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Bio

Ernesto Griego

2024 Leon Levy Scholar

Albert Einstein College of Medicine

Sub-disciplinary Category

Cellular & Molecular Neuroscience

Previous Positions

  • Bachelor’s Degree, Benemérita Universidad Autónoma de Puebla
  • M.Sc, Cinvestav
  • PhD, Cinvestav (Advisor: Dr. Emilo J. Galván), in collaboration with University of Valparaíso (Advisor: Dr. Marco Fuenzalida)

Bio

Dr. Ernesto Griego studied at the Autonomous University of Puebla in Mexico and obtained his B.Sc. in Biological Chemistry. His quest to understand the fundamentals of neuronal communication motivated him to pursue graduate studies at the Center for Research and Advanced Studies in Mexico City. Ernesto obtained his PhD in Neuropharmacology under the mentorship of Dr. Emilio Galvan. His thesis work and multiple collaborations allowed him to investigate alterations in neuronal excitability and synaptic plasticity in neurodevelopmental disorders. During his time as a PhD student, Ernesto completed an academic stay at the University of Valparaiso in the Lab of Dr. Marco Fuenzalida with the support of an IBRO grant. As a Postdoctoral Fellow in the laboratory of Dr. Pablo Castillo at the Albert Einstein College of Medicine, Ernesto aims to elucidate how experience and disease modify inhibitory circuits in the dentate gyrus, a brain structure crucial for learning and memory.

Research Summary

Mechanisms by which experience and brain disease modify inhibitory circuits in the dentate gyrus, a region of the brain that contributes to memory and learning.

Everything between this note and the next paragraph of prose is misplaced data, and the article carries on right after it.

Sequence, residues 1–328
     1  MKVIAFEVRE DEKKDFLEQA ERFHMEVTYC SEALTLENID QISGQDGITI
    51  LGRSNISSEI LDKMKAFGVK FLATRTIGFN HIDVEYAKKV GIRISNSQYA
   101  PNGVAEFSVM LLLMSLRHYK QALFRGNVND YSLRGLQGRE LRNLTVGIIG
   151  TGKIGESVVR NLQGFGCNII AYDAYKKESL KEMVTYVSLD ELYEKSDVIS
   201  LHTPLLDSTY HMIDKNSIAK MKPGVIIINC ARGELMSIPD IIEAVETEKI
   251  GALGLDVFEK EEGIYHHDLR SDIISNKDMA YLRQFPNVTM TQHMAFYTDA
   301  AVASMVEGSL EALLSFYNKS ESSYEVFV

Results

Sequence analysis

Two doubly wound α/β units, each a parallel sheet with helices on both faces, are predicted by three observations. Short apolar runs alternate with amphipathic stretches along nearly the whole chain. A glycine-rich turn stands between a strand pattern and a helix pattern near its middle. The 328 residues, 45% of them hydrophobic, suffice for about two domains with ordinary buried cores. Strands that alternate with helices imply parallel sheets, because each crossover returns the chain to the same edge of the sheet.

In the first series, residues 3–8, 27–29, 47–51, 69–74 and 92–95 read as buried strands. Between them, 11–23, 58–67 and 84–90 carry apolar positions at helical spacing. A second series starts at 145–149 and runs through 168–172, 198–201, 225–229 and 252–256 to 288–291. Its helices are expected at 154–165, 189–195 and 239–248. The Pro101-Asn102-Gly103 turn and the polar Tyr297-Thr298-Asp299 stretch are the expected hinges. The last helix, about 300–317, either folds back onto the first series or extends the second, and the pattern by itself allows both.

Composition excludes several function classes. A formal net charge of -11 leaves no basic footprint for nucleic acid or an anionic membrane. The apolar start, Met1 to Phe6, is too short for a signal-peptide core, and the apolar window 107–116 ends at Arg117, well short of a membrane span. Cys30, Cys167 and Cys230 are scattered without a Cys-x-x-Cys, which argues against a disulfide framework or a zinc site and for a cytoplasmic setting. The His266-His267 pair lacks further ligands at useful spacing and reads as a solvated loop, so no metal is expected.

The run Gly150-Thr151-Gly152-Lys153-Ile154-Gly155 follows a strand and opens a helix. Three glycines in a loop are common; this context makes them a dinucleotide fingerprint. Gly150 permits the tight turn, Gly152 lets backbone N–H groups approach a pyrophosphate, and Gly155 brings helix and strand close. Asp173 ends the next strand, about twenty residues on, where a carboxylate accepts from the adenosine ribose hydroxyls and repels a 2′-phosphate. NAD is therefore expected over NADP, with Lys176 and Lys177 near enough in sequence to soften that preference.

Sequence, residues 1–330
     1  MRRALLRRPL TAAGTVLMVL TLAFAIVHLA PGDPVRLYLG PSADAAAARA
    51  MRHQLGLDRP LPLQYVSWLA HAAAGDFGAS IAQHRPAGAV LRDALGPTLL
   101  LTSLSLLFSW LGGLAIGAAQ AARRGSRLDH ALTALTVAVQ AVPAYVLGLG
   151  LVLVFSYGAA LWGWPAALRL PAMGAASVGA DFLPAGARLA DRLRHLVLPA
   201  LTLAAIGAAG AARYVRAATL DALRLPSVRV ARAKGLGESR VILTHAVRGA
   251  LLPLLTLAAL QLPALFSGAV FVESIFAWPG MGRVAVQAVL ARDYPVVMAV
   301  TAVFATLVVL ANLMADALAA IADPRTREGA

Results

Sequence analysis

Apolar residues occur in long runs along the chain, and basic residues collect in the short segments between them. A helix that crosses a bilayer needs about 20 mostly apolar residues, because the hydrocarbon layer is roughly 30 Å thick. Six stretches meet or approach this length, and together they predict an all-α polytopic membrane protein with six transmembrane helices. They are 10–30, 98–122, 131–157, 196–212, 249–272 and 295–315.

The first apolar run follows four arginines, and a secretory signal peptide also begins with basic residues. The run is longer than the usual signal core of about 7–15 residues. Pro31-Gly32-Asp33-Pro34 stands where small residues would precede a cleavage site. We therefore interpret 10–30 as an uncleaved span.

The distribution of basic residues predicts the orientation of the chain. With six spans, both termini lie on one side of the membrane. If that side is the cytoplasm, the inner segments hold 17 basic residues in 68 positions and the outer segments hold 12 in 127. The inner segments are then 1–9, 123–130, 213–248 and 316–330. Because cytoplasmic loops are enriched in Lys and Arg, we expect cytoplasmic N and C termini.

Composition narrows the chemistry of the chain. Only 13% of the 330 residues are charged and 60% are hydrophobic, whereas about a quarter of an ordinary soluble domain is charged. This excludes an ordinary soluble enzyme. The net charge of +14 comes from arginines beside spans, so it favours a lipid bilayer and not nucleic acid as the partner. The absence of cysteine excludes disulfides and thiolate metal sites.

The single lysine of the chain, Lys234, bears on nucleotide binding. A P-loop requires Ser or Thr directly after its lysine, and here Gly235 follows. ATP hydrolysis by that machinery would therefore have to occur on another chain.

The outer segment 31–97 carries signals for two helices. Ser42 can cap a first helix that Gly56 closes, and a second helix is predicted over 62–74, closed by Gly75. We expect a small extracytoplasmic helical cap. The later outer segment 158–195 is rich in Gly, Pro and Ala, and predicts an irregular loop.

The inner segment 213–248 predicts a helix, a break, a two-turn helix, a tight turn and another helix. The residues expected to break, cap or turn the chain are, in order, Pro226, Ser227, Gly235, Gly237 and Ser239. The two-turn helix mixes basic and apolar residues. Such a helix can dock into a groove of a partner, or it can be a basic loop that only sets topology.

Technical Overview

Inhibitory interneurons (INs), neurons that slow down or inhibit other neurons, play a critical role in shaping the activity of brain circuits. However, how the dynamic properties of inhibitory synapses are affected by experience and disease is poorly understood. The dentate gyrus (DG) plays a crucial role in learning and memory by transforming signals from other regions in the brain into new signals, transmitting them to a region called CA3 in the hippocampus. Inhibitory neurons help ensure these signals are processed correctly. More importantly, alterations in inhibitory circuits have been associated with DG-related disorders such as epilepsy and anxiety. Therefore, understanding how experience and disease modify synaptic inhibition in the DG is crucial. Dr. Ernesto Griego will tackle this exciting question by using mice as a model system and combining complementary approaches, including optogenetic manipulation of specific IN types, conditional knockout (cKO), electrophysiology, confocal and two-photon microscopy, and behavioral analysis. The proposed research may generate novel mechanistic insights into inhibitory synaptic plasticity in a brain region involved in learning and memory. Such knowledge may contribute to a better understanding of neuropsychiatric disorders associated with DG dysfunction, such as epilepsy and anxiety.